WIPO Arbitration and Mediation Center
ADMINISTRATIVE PANEL DECISION
Pierre Balmain S.A. v. Liu Fang
Case No. D2016-0965
1. The Parties
The Complainant is Pierre Balmain S.A. of Paris, France, represented by CSC Digital Brand Services AB, Sweden.
The Respondent is Liu Fang of Xiamen, China.
2. The Domain Names and Registrar
The disputed domain names <balmainjeanssale.com>, <balmainoutletonlines.com>, <balmainoutletstore.com>, <balmainsale.com> and <cheapbalmain.com> are registered with PDR Ltd. d/b/a PublicDomainRegistry.com (the "Registrar").
3. Procedural History
The Complaint was filed with the WIPO Arbitration and Mediation Center (the "Center") on May 13, 2016. On May 17 and May 20, 2016, the Center transmitted by email to the Registrar a request for registrar verification in connection with the disputed domain names. On May 18 and May 21, 2016, the Registrar transmitted by email to the Center its verification response confirming that the Respondent is listed as the registrant and providing the contact details.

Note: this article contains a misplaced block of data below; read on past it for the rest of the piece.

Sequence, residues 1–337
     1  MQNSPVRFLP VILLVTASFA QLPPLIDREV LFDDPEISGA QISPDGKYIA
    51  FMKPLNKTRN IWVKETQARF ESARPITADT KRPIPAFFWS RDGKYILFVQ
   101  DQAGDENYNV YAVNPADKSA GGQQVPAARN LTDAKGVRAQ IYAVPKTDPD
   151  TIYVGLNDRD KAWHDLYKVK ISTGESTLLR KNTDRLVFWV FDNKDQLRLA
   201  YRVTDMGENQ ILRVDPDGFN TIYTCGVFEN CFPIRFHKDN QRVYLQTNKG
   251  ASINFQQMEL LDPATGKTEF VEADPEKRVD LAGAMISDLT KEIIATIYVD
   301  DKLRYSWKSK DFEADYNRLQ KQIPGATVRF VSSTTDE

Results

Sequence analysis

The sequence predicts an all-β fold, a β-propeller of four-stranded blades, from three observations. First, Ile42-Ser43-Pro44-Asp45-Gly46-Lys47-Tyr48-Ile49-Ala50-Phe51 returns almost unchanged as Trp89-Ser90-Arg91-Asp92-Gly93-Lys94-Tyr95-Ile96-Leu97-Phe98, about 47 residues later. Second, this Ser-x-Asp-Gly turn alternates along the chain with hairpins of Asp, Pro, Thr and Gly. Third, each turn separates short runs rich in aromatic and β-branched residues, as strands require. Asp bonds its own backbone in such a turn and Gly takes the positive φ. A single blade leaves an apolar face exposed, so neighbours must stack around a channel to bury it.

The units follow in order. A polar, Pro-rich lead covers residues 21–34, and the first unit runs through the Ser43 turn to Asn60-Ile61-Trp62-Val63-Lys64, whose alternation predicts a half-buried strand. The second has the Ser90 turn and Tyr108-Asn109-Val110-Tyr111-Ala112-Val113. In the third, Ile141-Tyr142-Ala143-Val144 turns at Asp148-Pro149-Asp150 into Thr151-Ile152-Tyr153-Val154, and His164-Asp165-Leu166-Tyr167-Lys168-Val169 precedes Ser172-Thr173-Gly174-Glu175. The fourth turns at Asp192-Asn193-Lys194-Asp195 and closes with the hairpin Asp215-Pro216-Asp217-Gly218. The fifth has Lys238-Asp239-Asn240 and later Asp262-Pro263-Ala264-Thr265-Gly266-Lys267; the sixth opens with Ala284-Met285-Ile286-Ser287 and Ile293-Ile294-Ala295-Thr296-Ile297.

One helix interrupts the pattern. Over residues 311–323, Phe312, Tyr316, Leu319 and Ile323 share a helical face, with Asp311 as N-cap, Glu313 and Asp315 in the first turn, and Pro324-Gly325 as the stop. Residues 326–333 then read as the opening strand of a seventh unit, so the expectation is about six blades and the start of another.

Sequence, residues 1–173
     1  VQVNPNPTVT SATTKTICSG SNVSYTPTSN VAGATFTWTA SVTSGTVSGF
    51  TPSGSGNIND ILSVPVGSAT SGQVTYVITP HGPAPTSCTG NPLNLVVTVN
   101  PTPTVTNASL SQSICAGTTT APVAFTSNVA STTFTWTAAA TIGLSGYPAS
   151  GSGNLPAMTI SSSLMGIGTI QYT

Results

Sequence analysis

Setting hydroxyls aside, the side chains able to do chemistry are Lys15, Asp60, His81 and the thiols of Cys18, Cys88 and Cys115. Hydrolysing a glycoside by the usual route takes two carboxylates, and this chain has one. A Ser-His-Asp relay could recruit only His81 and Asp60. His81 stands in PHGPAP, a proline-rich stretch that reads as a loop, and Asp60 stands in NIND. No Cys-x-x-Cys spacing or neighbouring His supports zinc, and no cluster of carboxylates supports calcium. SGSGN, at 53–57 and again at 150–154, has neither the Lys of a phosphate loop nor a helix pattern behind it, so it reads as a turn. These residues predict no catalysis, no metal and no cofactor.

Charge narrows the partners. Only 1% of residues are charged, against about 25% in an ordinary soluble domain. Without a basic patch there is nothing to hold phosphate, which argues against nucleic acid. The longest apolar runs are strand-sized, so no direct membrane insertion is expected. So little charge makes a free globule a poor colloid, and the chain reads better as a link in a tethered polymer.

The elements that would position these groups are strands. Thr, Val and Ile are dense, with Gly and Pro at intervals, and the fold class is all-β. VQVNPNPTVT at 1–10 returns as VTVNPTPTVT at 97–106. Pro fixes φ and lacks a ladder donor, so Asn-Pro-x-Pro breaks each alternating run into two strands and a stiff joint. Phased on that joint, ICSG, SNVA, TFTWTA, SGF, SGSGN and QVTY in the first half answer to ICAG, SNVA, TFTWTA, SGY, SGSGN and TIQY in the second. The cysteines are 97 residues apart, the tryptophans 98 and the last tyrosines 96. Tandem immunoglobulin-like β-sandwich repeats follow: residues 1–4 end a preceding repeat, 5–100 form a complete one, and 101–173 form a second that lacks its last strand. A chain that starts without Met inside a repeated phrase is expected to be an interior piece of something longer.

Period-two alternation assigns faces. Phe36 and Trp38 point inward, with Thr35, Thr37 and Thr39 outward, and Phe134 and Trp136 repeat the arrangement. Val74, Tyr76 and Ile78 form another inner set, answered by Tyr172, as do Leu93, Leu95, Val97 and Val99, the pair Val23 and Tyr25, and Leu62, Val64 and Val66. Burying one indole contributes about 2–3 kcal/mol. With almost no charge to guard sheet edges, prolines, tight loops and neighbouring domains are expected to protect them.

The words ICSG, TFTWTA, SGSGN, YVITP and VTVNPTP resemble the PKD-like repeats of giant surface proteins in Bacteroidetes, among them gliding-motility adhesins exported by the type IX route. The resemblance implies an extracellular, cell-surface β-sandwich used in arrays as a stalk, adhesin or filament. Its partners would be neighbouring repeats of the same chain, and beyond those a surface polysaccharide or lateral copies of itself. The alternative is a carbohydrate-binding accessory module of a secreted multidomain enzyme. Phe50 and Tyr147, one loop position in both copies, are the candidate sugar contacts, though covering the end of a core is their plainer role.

The Center verified that the Complaint satisfied the formal requirements of the Uniform Domain Name Dispute Resolution Policy (the "Policy" or "UDRP"), the Rules for Uniform Domain Name Dispute Resolution Policy (the "Rules"), and the WIPO Supplemental Rules for Uniform Domain Name Dispute Resolution Policy (the "Supplemental Rules").
In accordance with the Rules, paragraphs 2 and 4, the Center formally notified the Respondent of the Complaint, and the proceedings commenced on May 23, 2016. In accordance with the Rules, paragraph 5, the due date for Response was June 12, 2016. The Respondent did not submit any response. Accordingly, the Center notified the Respondent's default on June 13, 2016.
The Center appointed Sir Ian Barker as the sole panelist in this matter on June 24, 2016. The Panel finds that it was properly constituted. The Panel has submitted the Statement of Acceptance and Declaration of Impartiality and Independence, as required by the Center to ensure compliance with the Rules, paragraph 7.
4. Factual Background